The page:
The experience of 2000 hasn't soured most Americans on the mechanics of democracy, but still there are concerns: Just a quarter of likely voters are "very confident" that all votes across the nation will be counted properly.
Confidence, while not supreme, does exist: Despite the hanging chads of 2000 and this year's controversies over voting equipment, 91 percent are at least somewhat confident their own votes will be counted, and 70 percent have that level of confidence nationally.
It's in the highest level of confidence that doubt creeps in: While 91 percent are very or somewhat confident their own vote will be counted, 62 percent are "very" confident. And while 70 percent are very or somewhat confident all votes will be counted accurately, just 25 percent are "very" confident of that. Problems in some areas won't be a surprise -- especially to Democrats, among whom, given the 2000 outcome, confidence is lowest.
An accurate count matters especially in a close race, and the latest ABC News tracking poll fits the ticket: In interviews Sunday through Wednesday, 49 percent of likely voters support George W. Bush, 48 percent John Kerry and one percent Ralph Nader.
|Sampling, data collection and tabulation for this poll were done by TNS.|
It was a similar division, 48-49 percent Bush-Kerry, in yesterday's tracking result. Kerry did particularly well in interviews last Saturday and Sunday, while Bush has done better in Monday through Wednesday interviews.
One difference is among "movable" voters, those who haven't definitely made up their minds. Movables are down to eight percent of all likely voters, from 14 percent at the start of the month. In tracking results Monday, they split by 42-41 percent between Bush and Kerry. Today it's 53-32 percent to Bush. ("Definites," by contrast, divide by 49-50 percent, Bush-Kerry, and have been quite stable in their preferences this week.)
Vote preferences among movables have shifted in the past; one key question is who gets them for keeps. Another is how many of them actually turn out, given their comparatively low attention to the contest.
The race is somewhat tighter among young voters, aged 18 to 29; Kerry still leads in this group, but by less of a margin than during the weekend. Young voters account for a disproportionate share of movables.
The contest is steady in other groups, with each candidate strong in his base. The gender gap is half its 2000 level; the reason is that Bush is doing better than he did in 2000 among married women, while Kerry is outperforming Al Gore among single men.
The division on issues remains, and is fundamental to the contours of the race. Among the two in 10 likely voters who say terrorism is the most important issue in their vote, 87 percent support Bush. Among those who cite another of the four top issues -- the economy, Iraq, health care or education -- 65 percent favor Kerry. And Bush comes back with two-thirds support from those who cite some other issue, in many cases pertaining to personal qualities, or religious or morality-based concerns.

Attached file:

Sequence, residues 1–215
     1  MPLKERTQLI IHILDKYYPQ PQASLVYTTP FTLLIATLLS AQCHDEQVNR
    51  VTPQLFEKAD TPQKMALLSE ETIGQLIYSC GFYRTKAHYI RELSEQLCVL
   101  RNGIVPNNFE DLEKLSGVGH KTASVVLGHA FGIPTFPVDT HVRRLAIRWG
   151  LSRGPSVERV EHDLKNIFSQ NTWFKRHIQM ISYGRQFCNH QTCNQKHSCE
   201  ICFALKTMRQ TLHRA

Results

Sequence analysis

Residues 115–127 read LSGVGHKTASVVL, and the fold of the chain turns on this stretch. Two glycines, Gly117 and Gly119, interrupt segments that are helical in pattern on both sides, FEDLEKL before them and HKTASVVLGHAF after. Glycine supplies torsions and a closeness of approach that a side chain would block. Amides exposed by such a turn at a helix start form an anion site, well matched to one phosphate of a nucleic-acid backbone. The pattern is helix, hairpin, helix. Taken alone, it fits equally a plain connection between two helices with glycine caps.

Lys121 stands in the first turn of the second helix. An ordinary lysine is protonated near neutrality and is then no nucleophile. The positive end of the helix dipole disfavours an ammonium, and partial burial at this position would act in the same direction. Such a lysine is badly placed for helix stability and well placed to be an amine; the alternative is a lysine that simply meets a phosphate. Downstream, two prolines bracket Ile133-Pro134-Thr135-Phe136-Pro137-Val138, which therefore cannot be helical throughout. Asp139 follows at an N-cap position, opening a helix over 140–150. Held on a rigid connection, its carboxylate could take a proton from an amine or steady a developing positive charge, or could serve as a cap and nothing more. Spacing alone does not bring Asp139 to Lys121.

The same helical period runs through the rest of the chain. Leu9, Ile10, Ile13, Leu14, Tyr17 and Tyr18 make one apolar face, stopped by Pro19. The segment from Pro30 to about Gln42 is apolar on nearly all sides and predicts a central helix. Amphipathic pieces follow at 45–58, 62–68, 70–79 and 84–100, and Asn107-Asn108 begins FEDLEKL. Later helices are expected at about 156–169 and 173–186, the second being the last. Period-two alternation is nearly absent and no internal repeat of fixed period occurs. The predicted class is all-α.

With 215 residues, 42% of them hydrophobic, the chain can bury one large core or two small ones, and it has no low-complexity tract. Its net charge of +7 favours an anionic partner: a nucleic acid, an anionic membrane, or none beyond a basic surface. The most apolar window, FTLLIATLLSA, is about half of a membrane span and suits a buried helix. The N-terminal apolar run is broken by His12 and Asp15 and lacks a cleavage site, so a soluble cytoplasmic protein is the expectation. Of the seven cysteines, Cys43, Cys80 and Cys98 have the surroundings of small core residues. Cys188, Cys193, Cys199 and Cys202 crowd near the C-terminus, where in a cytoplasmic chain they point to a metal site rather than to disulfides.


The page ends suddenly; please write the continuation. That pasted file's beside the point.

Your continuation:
While confidence in the vote count is one issue, another is the electoral college. If one candidate wins the electoral college this year, and the other wins the popular vote, likely voters by 54-40 percent say it's the popular vote winner who should become president.
That's less of an endorsement of the popular vote than existed just before the 2000 election, when 63 percent supported it in that year's ABC News pre-election tracking poll, and 32 percent preferred the electoral college.
There is now a deep partisan division on this question that did not exist before the 2000 election. Today 69 percent of Democrats say the winner of the popular vote should be the next president; only 35 percent of Republicans agree. Before the 2000 election, by contrast, most Republicans and Democrats alike preferred the popular vote.
Preference or Popular Vote
The change in assessments is very likely outcome-based. A good reason for Democrats to prefer the popular vote is that their guy won it in 2000; a good reason for Republicans to prefer the electoral college is because that's where they won. If those tables by chance were to turn this time around, partisan preferences well might follow.
Critics of a direct popular vote say it would induce candidates to focus only on the most populous states, and fly over the less populous ones. This survey finds that a popular vote system is preferred by 57-38 percent in the 10 most populous states, and also preferred, but by a narrower 51-44 percent, in the 25 least populous states.
As noted, there's also a sharp partisan division on the question of whether votes will be counted properly, again likely related to the 2000 experience. Seventy-five percent of Republicans are very confident their own vote will be counted accurately; this drops to 50 percent of Democrats.
Similarly, 87 percent of Republicans are very or somewhat confident in the overall vote count nationally; among Democrats this falls to 57 percent.
This poll was conducted October 24-27 among a random national sample of 2,422 adults, including 2,145 registered voters and 1,747 likely voters. The results have a 2.5-point error margin for the likely voter sample. ABC News and The Washington Post are sharing data collection for this tracking poll, then independently applying their own models to arrive at likely voter estimates. Sampling, data collection and tabulation by TNS of Horsham, Pa.
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See previous analyses in our Poll Vault.